She was merely a teenager then. This was the beginning of a lifelong chronic condition. The exact condition remained undiagnosed because of the time. But now, after reading extensively, the symptoms seem eerily similar to temporal lobe epilepsy and narcolepsy disease. She received no medical care.
After just two days of rest, she was forced to return to work. Her head still bleeding when she resumed work. It may have healed superficially. But as we all know now, a trauma as severe as that probably caused a cascade of problems in her brain. She started to experience what seems like trance-like states during which she would be motionless. Sometimes for an hour or more. Reports suggest that she would hallucinate during these episodes. It started off with one or two instances and quickly grew to multiple episodes a day.
The attacks would start randomly. Sometimes she would be in the midst of a task and just pause. On other occasions, she would be engaged in a conversation and pause for an hour. Then just resume the conversation from where she ended. It was like, for that brief period of time, she was never around. It was like the hour was never a part of her life.
She herself called them visions. During one of these visions, she described herself as flying over a vast, endless body of water. In addition to this, she also heard noises. Some of them were disturbing, more like screams. There was music too and the sound of rushing water. When asked about it, she would later say that she felt like her skin was on fire. But she was completely conscious and was aware of what was happening around her. The condition also caused her to experience severe, debilitating headaches. Maybe it was the vision or her experiences in life, but Tubman turned to religion for solace. In the years forward, she would become extremely religious, according to Kate Larson, the author of the bestseller, ‘Harriet Tumban: Portrait of an American Hero’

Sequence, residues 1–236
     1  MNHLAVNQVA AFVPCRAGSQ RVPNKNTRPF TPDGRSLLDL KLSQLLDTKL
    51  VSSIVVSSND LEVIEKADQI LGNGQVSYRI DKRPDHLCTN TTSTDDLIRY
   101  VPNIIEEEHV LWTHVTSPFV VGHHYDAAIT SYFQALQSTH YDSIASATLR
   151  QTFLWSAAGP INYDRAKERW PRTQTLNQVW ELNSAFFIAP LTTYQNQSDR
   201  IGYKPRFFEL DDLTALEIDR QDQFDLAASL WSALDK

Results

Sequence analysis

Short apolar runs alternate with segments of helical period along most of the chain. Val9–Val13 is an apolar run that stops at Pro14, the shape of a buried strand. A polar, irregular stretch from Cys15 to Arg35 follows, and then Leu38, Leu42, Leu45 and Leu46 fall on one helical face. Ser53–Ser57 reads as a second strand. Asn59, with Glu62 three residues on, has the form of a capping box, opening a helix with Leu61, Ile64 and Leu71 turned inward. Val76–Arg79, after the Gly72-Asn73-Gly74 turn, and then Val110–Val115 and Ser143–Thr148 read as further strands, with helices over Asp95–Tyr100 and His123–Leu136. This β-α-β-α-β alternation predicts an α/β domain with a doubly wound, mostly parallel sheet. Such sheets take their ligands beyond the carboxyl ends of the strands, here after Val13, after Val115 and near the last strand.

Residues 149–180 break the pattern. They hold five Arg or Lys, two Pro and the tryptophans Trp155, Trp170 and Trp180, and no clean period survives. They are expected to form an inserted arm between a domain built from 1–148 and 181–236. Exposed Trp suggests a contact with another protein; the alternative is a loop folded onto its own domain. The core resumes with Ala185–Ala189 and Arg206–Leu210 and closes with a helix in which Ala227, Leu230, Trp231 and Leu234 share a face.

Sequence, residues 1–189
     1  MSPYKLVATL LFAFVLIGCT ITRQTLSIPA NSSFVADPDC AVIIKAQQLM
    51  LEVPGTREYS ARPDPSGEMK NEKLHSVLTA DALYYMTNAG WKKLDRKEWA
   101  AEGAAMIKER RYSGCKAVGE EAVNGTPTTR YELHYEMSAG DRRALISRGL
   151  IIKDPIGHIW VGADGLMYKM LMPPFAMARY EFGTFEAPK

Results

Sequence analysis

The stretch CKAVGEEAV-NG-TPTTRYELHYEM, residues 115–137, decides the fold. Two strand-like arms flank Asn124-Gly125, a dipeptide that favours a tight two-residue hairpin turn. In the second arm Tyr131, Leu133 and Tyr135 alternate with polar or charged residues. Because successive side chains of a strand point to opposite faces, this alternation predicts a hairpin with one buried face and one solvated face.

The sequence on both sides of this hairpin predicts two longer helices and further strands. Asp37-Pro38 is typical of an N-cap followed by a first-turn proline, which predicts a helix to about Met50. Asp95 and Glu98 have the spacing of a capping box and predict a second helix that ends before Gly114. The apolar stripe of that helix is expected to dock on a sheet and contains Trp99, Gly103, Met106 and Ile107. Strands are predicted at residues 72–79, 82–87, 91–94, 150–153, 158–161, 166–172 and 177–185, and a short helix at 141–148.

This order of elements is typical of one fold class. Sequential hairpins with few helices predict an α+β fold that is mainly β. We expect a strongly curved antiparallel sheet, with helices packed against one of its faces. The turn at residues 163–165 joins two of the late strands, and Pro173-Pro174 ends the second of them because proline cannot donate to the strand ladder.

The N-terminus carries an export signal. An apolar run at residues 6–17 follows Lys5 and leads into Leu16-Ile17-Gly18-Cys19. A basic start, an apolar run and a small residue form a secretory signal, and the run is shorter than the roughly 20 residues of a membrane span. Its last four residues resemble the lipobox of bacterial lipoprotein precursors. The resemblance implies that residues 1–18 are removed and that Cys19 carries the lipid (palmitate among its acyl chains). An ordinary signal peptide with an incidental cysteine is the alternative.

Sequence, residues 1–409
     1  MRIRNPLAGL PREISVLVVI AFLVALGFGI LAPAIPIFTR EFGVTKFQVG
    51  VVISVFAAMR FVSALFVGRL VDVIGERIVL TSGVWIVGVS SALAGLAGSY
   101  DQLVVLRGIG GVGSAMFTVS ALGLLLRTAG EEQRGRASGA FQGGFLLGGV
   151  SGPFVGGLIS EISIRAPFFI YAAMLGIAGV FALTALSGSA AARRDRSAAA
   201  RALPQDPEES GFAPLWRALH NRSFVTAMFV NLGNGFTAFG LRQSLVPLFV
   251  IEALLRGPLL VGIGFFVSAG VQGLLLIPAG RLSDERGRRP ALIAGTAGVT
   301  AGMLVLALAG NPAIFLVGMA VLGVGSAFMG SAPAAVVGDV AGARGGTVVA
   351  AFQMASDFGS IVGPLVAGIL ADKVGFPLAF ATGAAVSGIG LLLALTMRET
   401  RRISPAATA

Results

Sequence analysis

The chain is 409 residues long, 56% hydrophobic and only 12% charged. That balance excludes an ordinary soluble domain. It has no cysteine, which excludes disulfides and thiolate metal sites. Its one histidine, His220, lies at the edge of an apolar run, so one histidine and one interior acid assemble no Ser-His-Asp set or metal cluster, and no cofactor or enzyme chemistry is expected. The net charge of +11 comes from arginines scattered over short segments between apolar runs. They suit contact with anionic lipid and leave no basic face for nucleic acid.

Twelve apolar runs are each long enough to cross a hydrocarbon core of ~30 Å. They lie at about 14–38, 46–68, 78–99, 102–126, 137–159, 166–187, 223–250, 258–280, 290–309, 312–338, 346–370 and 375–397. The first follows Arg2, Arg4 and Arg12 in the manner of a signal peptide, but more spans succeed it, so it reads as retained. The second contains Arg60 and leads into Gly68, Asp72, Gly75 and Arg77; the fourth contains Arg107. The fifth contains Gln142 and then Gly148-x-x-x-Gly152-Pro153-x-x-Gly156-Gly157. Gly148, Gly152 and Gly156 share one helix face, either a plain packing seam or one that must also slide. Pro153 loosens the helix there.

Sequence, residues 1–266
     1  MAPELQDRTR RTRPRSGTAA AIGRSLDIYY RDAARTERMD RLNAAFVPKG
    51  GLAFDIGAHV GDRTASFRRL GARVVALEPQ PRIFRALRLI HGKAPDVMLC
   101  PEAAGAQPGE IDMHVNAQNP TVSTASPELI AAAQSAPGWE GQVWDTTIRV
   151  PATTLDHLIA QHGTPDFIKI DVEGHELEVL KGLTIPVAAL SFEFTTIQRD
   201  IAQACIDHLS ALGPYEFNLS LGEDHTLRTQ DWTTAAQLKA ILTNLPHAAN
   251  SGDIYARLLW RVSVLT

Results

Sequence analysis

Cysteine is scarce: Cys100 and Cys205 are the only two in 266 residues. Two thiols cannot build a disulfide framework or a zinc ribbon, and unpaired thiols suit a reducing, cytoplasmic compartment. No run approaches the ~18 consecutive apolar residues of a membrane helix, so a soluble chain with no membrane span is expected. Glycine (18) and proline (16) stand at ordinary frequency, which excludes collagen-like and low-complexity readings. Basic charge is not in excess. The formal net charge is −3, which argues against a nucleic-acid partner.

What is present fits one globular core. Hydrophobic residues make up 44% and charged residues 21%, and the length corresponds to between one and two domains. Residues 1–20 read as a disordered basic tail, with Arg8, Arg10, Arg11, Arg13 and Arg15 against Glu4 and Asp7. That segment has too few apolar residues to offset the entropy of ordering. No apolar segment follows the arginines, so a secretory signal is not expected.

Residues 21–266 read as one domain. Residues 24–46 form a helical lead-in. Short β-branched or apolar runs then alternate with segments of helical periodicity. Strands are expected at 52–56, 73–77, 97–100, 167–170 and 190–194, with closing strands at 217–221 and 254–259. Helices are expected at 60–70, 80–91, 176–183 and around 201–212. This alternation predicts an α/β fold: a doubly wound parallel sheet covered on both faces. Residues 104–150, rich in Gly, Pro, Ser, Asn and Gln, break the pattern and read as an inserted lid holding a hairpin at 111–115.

The Life Ahead
As we could imagine, her injuries made work a worse ordeal than it already was. The slavery market thrived on performance and there was no room for a slave who would randomly pause work, sometimes for hours. That too multiple times.
Tubman’s value as a slave depleted considerably. The other plantation owners to whom she was rented out, sent her back to Brodess. But Tubman quickly recovered and stepped into hardcore manual labor. She would dig out stumps, haul massive logs, chop wood and plow fields, tasks that would have the best of men quiver.
She first met John Tubman, a free black man when she was 25. She married him and he would join her in the plantation. Five years after this, Edward Brodess, the plantation owner died leaving behind a debt-ridden widow Eliza. Tubman feared the worst for her family. She knew that Eliza might send them South to work on chain gangs just so that she could pay off the massive debt. She had witnessed both her elder sisters, Linag & Soph sold to chain gangs earlier. So she escaped to Philadelphia.
The 90-Mile Walk